• Described above is the most common situation. A few hosts will pay, some may not include meals, and others will want you to work 4 hours a day for 6 days a week. No matter the parameters, you and your host will agree upon the arrangement via email before you commit to volunteering.
  • Workaway costs a $42 annual fee for an individual account or $54 for a couple account
    • If you do not renew your account exactly after one year no worries. Whenever you do decide to renew your account, all of your profile information will still be there
    • Y’all, I cannot over stress how great of a deal this is! Simply set away a single dollar every day for 6 weeks and you’ve gained access a world-wide volunteer data base 37,000 hosts strong in 184 countries
  • Not convinced? Let me try another approach. *Conjuring infomercial announcer voice* “In just, ONE easssy payment of $41.99 (and 1¢) you have an UNLIMITED access pass to fr-fr-freeeee travel around the world. Utilizing Workaway for merely 1 out of 52 weeks, and the money you’ll save on accommodation and food will completely offset the annual fee, so sign up today!”

Setting Up Your Account

  • You will create a profile so hosts can get an idea about who you are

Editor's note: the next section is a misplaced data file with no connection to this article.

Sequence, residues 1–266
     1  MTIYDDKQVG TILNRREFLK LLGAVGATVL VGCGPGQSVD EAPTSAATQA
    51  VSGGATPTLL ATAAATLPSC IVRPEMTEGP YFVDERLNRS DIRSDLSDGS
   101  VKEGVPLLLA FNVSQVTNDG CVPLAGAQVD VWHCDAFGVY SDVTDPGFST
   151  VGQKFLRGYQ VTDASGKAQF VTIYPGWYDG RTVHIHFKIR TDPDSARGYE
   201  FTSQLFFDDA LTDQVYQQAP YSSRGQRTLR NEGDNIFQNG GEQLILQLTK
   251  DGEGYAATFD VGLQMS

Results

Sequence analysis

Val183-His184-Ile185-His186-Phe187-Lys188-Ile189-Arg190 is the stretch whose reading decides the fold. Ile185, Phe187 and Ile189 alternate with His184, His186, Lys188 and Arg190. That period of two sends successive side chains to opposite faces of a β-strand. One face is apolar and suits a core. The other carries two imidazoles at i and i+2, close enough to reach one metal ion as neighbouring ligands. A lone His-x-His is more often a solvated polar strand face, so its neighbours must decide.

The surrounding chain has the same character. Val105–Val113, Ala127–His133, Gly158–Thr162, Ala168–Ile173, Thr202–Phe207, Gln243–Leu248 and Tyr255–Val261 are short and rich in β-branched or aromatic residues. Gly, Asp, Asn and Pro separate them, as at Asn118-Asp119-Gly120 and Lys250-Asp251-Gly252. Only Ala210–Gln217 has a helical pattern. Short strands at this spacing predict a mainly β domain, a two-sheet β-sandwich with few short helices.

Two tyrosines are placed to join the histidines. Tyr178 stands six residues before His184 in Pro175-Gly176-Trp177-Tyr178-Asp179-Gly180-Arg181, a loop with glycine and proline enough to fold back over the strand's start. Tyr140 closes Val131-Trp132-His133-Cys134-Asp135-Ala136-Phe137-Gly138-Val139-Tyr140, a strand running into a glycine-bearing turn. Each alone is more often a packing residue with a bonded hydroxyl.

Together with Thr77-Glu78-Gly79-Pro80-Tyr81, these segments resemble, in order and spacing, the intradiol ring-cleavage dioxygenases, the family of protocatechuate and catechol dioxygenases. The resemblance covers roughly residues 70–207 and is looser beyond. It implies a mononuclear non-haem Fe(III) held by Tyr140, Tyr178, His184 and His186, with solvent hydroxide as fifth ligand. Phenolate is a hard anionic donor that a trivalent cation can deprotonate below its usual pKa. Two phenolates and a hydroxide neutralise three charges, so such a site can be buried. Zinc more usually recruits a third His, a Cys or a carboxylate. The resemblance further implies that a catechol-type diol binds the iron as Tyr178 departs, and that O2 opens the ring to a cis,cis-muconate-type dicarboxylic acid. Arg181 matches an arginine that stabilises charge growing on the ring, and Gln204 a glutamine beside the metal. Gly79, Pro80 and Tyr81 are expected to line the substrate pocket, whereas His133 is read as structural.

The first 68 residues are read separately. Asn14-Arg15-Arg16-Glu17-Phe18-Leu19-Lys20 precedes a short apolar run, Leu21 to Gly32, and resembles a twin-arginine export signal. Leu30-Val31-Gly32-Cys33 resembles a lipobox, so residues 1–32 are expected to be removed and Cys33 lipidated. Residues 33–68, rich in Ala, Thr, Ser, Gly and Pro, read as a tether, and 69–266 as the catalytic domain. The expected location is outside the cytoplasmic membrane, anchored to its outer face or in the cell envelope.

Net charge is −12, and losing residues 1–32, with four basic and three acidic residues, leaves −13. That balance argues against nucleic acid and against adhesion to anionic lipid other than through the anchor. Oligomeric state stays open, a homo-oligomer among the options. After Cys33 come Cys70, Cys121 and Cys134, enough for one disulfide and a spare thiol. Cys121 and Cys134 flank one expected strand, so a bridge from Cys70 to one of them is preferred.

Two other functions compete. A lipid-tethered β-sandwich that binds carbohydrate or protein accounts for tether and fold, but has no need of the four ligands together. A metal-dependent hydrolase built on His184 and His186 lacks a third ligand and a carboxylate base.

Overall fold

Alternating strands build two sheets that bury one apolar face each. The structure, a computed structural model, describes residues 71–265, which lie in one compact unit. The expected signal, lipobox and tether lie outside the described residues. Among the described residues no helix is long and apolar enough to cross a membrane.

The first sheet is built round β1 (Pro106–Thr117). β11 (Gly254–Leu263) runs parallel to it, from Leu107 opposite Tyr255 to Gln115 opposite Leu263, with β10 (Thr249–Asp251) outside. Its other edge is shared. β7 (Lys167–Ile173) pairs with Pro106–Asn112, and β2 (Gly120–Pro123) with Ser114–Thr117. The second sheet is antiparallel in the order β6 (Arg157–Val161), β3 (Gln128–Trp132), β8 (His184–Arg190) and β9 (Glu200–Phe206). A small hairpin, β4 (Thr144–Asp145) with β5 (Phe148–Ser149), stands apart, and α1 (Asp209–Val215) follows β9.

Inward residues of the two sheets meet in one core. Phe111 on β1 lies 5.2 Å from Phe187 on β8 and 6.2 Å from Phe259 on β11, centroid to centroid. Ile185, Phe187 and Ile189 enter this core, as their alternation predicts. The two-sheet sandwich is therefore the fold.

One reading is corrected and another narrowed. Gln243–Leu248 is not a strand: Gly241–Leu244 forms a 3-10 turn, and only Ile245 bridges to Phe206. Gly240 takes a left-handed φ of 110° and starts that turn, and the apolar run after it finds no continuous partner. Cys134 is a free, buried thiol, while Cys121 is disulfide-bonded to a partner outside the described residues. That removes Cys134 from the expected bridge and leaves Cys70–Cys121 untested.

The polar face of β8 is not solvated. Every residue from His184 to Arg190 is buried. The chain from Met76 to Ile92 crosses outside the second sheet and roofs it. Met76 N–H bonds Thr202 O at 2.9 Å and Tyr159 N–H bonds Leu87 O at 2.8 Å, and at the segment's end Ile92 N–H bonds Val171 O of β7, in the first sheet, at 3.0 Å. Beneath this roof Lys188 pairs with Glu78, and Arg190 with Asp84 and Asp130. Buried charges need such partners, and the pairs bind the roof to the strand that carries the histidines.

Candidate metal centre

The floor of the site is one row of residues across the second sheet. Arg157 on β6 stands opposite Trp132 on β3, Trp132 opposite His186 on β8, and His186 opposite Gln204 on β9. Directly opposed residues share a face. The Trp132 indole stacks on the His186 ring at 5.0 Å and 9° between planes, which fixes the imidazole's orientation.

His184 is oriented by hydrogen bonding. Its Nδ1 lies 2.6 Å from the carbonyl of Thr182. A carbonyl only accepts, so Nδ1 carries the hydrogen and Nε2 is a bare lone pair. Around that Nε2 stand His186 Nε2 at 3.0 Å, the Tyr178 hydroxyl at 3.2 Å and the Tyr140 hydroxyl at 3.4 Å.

• It includes; where and when you intend to travel, a personal description, what type of help you are interested in, any special skills you possess, which languages you speak, your age, nationality, and some more information
    • This extra information includes; if you are a smoker, have a driver’s license, and if you possess any allergies or special dietary requirements
  • You will have the option to link your Facebook account (all it will show is how many friends you have) and add photos as well
    • Obviously this is not necessary buuuut it definitively helps prove you are not a robot or more importantly, not a creeper. Since we are living in the grand old age of, “if I read it on the internet it must be true” more information is always better.
    • And vice versa. I get a better feeling about a host when their profile contains detailed content and more that 1 or 2 photos. When it comes to initially emailing a host it’s all about the gut feeling you get from reading their profile.